The God We Seek

The God We Seek

The God We Seek

The God We Seek


The majortopic of Professor Weiss's present work is the experience of and concern with Godin privacy and in community. His purpose is to reveal the primary nuances and distinctions essential to an adequate grasp of the nature of religion, and he seeks to isolate the pure, undistorted relation men have to God. The God we seek is thus, in Mr. Weiss's viewpoint, no distillate, no abstract desiccated element but something at least as rich and as concrete as the specialized forms of experience and concerns exhibited in particular religions- but without their bias.

Presupposing only those rudimentary experiences which are shared by everyone, Mr. Weiss focuses on that pure, rich, concrete relation which connects men and God, "a relation which is diversely ritualized and specialized by the various religions." Mr. Weiss makes evident that there are many ways in which men make contact with God, "apart from special revelations, messages, or miracles." God, he shows, is enjoyed in dedicated communities, is reached through the fissures of experience, and is present in sacred objects and in service.

Written in Professor Weiss's usual incisive, clear style and addressed to the general reader as well as to the theologian, minister, and philosopher, the work as a whole is challenging and highly quotable in its observations. The virtues and limitations of the different religions, the nature of faith, prayer and worship, mysticism and religious language are some of the topics dealt with in a fresh and illuminating spirit. Mr. Weiss's discussion of religious history is particularly noteworthy for sharply marking out an area that is neglected in most modern religious and historical studies.

An independent work, The God We Seek serves also as the capstone of Paul Weiss's entire philosophic system: a philosophic system dealing with the whole of being and knowledge, both in a highly abstract form ( The Modes of Being), and in concrete, specialized guises ( The World of Art, Nine Basic Arts, History: Written and Lived). His intellectual diary, Philosophy in Process,is now appearing in a series of twelve fascicles, published at intervals of three months.


Almost all men have been helped and subdued by family and society in the name of God, the being who remains steadfast when all else gives way. Speech and act soon overlay what was early absorbed by the child. Sometimes they correct, sometimes they skew, sometimes they pervert, but they never wholly deny to the child what had once been impressed on it. All of us speak of God in ways which reflect something of what we once were taught, almost unaware.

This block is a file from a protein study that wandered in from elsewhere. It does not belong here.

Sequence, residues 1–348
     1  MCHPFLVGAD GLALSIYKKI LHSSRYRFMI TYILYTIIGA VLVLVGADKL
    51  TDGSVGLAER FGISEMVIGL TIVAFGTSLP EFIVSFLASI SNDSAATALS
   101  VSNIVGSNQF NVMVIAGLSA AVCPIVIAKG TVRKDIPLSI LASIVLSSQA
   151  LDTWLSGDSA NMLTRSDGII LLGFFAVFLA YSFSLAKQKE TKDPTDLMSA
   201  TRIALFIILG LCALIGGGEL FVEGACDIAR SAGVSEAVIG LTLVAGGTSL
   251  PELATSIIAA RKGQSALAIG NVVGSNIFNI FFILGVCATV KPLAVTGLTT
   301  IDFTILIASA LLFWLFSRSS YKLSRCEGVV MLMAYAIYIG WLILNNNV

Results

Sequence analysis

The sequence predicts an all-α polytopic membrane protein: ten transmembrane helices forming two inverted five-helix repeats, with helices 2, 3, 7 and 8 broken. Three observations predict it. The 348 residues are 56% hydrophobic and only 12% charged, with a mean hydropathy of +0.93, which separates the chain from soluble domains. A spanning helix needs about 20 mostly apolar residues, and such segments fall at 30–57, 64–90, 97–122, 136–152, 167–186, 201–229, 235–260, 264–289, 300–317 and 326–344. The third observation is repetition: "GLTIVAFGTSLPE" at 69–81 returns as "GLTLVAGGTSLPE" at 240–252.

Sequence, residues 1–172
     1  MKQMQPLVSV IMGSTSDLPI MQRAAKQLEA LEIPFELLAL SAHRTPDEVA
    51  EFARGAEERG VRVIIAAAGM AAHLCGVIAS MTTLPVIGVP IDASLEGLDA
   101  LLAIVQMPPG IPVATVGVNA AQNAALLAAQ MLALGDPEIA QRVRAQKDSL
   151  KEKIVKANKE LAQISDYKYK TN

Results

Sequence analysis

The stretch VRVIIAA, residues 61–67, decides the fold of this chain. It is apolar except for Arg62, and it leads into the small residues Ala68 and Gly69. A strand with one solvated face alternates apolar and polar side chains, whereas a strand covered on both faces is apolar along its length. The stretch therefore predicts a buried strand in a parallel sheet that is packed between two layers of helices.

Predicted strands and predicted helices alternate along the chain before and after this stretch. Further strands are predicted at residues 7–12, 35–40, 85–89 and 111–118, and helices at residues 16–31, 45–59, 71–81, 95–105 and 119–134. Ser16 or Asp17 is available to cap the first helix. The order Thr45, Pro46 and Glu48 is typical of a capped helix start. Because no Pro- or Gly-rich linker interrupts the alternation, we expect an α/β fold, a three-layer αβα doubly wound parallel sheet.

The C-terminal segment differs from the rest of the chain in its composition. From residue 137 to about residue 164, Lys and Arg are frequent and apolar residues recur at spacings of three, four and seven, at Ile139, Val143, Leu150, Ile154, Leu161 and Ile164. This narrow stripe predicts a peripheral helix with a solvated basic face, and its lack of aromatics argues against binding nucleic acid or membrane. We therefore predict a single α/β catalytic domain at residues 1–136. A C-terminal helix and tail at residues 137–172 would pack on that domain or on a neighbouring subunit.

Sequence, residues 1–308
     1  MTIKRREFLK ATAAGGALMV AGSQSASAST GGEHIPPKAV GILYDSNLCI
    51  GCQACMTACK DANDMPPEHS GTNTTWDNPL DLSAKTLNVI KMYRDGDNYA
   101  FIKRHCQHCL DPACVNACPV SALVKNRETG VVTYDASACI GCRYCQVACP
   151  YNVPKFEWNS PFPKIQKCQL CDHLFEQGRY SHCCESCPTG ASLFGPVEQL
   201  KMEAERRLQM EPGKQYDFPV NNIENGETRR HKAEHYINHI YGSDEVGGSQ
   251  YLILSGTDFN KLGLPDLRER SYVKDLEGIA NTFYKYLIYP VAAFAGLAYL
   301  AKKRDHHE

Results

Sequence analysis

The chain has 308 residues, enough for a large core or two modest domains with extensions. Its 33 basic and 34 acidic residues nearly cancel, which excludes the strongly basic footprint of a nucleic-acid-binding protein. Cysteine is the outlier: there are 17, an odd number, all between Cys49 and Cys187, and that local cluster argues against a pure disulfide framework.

Some men become associated with particular institutions -- church, synagogue, temple, mosque. These provide means for disciplining and educating them. Occasionally they provide the men with companionship, or food and drink. Men understandably become loyal members of, and sometimes apologists for such religious institutions. They live in terms of quite specific creeds, rituals, books, prophets and Gods. Some even make institutional life into a career, turning their backs on other types of life to give theirs to its defense, support or enhancement.

Such men are often hard to distinguish from others who try to make effective use of God. God, these believe, is the awesome being, all-powerful. If they could control Him, channel His vast power, what wonders might they not perform! No one perhaps is altogether free from a desire to make some use of God's power. Many prayers are but plaintive requests or petitions for favors. A good deal of behavior is kept within confines in the hope of a divine reward or in fear of God's awful wrath.

If we believe that we or others can dictate the way in which God's power will be manifested, we believe in magic. If instead we vitally hope that what we are or do will make a difference in . . .

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